Sebastiano Cattaruzzo is doing research on industrial dynamics and economics of innovation as part of the PhD programme in Economics and Business at Universitat Rovira i Virgili (URV).
You are from Italy. How did you learn about the MFP-COFUND grants, and why did you choose URV?
I applied to many universities around Europe and the application to URV was a very lucky coincidence, as it came up among relatively late in the application process, but it turned out to be a great chance. I knew Agustí Segarra and Mercecedes Teruel from their work in the field of economics of innovation, and I liked the perspectives they undertake in their studies. Also, I have a strong preference for living and working in relatively small, but important cities, as I like the quiet and relatedness that they offer. All summed up, it sounded as the perfect occasion to apply.
How would you explain your research to a non-scientific audience?
Actually, being my occupation a part of social sciences, it is not as complicated as it would be for others. Mainly, I do research on a variety of topics related to industrial dynamics and economics of innovation, which is at the very heart of industrial growth. We do this by analysing data on firms and industries to see what could be the policies that can benefit them with a special attention to the methodology applied and its consequences in terms of results obtained.
What are the main applications of your research? Could you give us an example?
My research is mainly directed toward two purposes: understanding the functioning of economic mechanisms, especially at the industry and firm level, and providing results useful for policy advising. So on the one hand, we try to understand what help firms to grow, why some do and some don’t, and how to differentiate the latter from the former. On the other hand, once you grasped the picture, you can start asking what can we do to have a “healthier” industrial panorama.
Do you think that your research topic will be a key element in the near future?
Well, luckily or not, economics is at the centre of our daily lives, and the way we organize industries and economic activities is very relevant for the way we progress. Further, I study industries, innovations and their impact on employment and growth; thus, yes, I think that being technical change the main “engine of growth” of our world, I will find an occupation in the near future! The main engine of growth is technical change.
In the time you have been here, what have you liked the most about your experience at our University and in Reus?
Actually, I am really happy about how things turned out in Spain, and I have very few things to complain about. I love the city of Reus, because of the cultural and social heritage it conserves, despite its dimension. Regarding the university, I like the effort that everybody is making to achieve very relevant results in their respective fields without needing to “belong” to world-recognised, huge institutions. This idea of being relatively small, but very impactful is an approach that I truly appreciate.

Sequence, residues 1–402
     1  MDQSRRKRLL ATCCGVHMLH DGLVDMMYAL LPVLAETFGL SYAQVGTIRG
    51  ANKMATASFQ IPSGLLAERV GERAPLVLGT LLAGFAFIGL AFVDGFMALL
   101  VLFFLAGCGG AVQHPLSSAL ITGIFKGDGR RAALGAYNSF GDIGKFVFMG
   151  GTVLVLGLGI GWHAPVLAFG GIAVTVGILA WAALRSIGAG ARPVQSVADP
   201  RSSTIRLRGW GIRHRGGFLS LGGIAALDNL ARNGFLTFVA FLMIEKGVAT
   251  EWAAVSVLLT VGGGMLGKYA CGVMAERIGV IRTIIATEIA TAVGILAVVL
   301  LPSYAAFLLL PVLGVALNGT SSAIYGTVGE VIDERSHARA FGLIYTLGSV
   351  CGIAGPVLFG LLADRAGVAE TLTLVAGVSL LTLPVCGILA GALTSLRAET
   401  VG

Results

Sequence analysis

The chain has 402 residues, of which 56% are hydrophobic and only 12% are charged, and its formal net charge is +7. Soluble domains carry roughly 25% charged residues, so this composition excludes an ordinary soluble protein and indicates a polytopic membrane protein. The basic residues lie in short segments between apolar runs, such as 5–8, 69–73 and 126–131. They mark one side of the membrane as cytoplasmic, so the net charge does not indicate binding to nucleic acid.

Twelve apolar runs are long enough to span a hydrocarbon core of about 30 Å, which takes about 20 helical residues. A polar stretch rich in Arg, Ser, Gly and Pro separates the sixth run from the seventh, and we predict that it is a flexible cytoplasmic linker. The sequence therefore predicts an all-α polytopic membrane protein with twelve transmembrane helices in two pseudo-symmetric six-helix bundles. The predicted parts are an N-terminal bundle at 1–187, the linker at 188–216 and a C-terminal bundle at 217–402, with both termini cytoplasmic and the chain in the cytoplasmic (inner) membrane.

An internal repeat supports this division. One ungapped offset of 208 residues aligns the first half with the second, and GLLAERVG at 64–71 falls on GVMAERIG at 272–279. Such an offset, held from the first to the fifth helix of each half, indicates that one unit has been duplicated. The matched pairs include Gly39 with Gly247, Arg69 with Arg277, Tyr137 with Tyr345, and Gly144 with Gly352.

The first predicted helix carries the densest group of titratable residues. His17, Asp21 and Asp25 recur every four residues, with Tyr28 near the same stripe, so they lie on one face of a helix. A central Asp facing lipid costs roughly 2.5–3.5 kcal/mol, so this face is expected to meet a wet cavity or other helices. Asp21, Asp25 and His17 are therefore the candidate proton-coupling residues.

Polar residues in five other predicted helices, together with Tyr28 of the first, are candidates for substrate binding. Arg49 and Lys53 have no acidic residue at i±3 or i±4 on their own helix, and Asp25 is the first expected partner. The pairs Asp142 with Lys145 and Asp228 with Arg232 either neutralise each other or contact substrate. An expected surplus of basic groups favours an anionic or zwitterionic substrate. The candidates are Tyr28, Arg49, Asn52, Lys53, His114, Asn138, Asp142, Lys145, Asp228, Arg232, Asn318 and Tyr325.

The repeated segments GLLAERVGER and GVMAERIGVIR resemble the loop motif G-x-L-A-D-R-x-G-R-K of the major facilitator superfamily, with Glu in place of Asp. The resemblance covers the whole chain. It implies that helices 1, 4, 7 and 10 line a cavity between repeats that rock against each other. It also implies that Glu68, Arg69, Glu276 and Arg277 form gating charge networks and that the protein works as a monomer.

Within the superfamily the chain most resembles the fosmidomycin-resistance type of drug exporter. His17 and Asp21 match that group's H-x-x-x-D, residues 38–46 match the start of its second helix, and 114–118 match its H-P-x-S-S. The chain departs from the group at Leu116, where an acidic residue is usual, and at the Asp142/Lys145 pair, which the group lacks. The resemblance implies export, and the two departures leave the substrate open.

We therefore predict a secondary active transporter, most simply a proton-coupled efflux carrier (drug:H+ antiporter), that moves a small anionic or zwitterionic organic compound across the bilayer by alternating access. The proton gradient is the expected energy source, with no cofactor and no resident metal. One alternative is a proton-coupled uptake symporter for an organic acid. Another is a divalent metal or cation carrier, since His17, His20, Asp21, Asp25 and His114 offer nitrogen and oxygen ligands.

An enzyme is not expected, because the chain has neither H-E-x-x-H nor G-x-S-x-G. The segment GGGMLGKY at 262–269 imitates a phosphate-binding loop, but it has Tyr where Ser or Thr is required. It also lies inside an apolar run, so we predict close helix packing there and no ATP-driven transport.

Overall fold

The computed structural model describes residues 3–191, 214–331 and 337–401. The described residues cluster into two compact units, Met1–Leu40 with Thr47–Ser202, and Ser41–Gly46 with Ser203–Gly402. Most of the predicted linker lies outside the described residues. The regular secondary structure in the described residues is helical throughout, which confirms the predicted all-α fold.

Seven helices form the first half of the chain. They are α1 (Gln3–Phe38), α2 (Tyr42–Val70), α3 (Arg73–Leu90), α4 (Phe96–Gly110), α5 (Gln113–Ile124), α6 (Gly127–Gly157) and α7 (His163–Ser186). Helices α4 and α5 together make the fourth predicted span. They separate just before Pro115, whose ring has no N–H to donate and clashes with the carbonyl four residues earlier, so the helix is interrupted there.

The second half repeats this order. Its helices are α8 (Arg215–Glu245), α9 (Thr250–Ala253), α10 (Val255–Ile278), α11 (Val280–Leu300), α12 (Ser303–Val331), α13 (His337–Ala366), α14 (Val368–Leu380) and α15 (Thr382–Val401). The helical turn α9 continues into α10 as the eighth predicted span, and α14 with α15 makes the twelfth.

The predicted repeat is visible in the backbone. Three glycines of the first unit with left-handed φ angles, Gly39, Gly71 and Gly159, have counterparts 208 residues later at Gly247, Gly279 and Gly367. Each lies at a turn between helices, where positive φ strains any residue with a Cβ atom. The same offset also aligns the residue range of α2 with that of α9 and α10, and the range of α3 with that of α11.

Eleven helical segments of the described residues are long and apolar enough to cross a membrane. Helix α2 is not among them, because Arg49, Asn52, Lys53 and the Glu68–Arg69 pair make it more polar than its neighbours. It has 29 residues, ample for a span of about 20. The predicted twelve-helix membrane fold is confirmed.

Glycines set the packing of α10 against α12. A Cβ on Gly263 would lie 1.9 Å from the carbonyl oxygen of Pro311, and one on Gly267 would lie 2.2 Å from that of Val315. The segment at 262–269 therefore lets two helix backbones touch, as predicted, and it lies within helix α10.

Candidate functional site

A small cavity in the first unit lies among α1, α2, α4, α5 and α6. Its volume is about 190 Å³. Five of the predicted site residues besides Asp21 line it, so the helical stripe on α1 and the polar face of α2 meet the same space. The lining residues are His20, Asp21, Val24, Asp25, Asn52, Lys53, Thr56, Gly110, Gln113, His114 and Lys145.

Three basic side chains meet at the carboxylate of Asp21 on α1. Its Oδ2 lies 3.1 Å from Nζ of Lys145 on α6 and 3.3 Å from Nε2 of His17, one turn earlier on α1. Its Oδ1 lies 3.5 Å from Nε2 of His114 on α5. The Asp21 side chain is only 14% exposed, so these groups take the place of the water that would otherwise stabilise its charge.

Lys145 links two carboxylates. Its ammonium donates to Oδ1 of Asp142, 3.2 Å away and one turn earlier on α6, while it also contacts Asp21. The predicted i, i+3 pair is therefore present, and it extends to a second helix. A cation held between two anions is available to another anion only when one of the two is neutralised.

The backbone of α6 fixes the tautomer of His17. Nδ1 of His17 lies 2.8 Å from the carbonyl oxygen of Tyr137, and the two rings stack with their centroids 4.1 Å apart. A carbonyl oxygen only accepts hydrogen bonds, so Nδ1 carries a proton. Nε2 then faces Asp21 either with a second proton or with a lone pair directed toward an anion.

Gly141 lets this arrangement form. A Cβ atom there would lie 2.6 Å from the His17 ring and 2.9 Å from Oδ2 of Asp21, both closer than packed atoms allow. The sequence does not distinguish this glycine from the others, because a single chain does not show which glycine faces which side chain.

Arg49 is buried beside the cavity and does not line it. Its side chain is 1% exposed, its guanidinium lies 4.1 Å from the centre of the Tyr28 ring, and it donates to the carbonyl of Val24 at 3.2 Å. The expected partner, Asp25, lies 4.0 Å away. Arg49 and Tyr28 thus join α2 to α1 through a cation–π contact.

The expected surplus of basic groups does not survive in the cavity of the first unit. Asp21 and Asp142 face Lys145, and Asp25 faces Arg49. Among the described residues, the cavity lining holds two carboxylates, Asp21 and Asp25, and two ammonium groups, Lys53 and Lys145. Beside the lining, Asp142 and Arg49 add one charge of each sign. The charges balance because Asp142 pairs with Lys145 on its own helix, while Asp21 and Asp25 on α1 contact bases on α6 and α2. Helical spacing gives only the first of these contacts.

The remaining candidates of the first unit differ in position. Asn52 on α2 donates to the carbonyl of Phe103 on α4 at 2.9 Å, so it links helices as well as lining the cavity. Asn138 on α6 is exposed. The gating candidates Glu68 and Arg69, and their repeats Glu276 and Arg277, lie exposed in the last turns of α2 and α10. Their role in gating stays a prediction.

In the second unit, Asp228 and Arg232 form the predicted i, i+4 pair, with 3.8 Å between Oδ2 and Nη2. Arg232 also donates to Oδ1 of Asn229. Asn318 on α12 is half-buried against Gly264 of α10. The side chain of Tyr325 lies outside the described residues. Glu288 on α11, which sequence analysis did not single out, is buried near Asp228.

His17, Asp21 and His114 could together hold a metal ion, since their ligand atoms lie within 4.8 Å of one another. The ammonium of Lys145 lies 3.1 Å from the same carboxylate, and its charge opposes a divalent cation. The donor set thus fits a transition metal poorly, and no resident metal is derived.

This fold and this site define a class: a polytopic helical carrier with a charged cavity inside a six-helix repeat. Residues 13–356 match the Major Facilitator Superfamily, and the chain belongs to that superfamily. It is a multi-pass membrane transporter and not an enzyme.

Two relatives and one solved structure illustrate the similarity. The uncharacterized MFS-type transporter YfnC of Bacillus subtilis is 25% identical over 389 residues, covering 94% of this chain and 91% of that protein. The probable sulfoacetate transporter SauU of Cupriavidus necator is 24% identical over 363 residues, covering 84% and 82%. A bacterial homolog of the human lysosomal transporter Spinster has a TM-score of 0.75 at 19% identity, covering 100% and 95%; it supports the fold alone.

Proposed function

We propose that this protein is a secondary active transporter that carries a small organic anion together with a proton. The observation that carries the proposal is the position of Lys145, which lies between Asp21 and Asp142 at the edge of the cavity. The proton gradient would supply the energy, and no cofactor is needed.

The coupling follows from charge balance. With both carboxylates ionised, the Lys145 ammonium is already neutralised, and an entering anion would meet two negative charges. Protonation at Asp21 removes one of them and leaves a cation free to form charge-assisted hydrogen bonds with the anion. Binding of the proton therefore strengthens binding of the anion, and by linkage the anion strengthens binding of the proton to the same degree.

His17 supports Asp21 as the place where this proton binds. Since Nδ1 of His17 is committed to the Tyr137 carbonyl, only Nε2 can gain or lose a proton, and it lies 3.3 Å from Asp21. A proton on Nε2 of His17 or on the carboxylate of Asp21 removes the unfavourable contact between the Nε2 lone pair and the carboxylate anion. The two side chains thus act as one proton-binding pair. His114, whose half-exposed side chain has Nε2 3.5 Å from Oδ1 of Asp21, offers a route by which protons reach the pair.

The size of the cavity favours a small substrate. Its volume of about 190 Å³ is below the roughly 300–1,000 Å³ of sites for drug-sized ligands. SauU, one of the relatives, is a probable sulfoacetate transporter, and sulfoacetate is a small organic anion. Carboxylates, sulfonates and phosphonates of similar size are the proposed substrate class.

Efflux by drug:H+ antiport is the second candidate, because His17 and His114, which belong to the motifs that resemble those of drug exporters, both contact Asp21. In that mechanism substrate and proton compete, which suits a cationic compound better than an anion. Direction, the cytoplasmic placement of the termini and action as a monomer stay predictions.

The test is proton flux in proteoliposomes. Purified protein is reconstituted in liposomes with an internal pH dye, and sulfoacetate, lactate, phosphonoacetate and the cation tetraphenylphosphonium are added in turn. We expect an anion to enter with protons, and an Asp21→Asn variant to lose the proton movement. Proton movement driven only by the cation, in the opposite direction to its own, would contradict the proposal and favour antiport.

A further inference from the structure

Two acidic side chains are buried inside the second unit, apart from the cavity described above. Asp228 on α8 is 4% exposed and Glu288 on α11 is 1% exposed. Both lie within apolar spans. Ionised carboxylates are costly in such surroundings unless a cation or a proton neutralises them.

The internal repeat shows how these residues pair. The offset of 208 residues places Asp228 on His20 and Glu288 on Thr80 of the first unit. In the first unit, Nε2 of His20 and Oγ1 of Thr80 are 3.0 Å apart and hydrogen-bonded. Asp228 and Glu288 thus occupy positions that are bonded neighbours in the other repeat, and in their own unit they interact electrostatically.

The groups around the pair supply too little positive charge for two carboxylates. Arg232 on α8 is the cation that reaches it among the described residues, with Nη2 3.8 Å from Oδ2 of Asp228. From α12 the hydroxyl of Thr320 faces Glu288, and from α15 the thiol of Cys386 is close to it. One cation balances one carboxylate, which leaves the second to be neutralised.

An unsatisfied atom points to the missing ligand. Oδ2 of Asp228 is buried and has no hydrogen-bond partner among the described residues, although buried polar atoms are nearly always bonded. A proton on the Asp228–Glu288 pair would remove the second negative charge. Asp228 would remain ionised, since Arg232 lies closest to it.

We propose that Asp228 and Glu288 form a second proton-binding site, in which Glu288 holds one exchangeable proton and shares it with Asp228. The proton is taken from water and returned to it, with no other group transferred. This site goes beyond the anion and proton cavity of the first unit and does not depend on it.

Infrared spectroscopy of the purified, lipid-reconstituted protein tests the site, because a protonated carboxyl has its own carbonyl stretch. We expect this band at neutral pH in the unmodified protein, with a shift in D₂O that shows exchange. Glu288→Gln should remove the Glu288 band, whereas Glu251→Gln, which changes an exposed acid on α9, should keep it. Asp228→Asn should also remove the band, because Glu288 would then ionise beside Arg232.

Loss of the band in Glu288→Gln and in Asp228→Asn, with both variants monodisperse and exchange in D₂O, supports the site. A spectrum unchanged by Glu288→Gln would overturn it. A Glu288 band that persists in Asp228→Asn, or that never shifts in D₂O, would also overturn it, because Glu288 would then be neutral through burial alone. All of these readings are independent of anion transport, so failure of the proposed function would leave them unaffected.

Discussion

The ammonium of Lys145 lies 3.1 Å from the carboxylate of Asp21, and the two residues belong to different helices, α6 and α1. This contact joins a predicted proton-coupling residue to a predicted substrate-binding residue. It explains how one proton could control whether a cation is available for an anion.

I work with sociologists, engineers, scientists and psychologists at Sussex University. Each of us deals with similar topics under different perspectives and the interaction among us is very fruitful
Now you are in your international secondment at the Science Policy Research Unit (SPRU) of Sussex University, UK. What are you doing here?
Learning, I am really learning a lot. Although the supervision of professor Segarra and professor Teruel has proven fundamental for the progress of my thesis, I believe that confronting yourself with other realities is always an important opportunity to pursue. SPRU is one of the places where the first studies in economics of innovation have seen the light in the ‘80s, and being here, you really understand why! Now, I am working in parallel to the PhD thesis and to a project aimed at estimating the impact of the ongoing 4th industrial revolution. Confronting yourself with other realities is an important opportunity to pursue.
How do you think this international secondment will contribute to your career?
In many ways. As I was saying, I am learning a lot, both by simply doing things that I was not used to, but also by the continuous interactions with other researchers. SPRU is extremely multi-disciplinary, so you find yourself working with sociologists, engineers, scientists and psychologists. However, each of us deals with similar topics under different perspectives and the interaction among us is very fruitful. At the same time, I think that the things we are doing here will give me the chance to continue researching in collaboration with many other academics interested in this “frontier” topics.
What has been the best thing about your time staying at Sussex University?
The atmosphere that you breathe both in town and on campus. They are very open-minded, always smiling and interested in other people. You can really feel how all the different cultures present over here interact peacefully and fruitfully. There is a lot of attention toward sustainability, being this environmental, social or economic.
What have you planned once you finish your PhD?
I like progressing by small steps. For the moment, the target is finishing the PhD on time and contributing as much as possible to the research in my field. Afterward, I would love to stay in the academia, but I still need to figure out how and where. Anyway, I do think that research is a great thing to do and if you have the chance to practice it and you enjoy doing so, it would be a pity to let it go.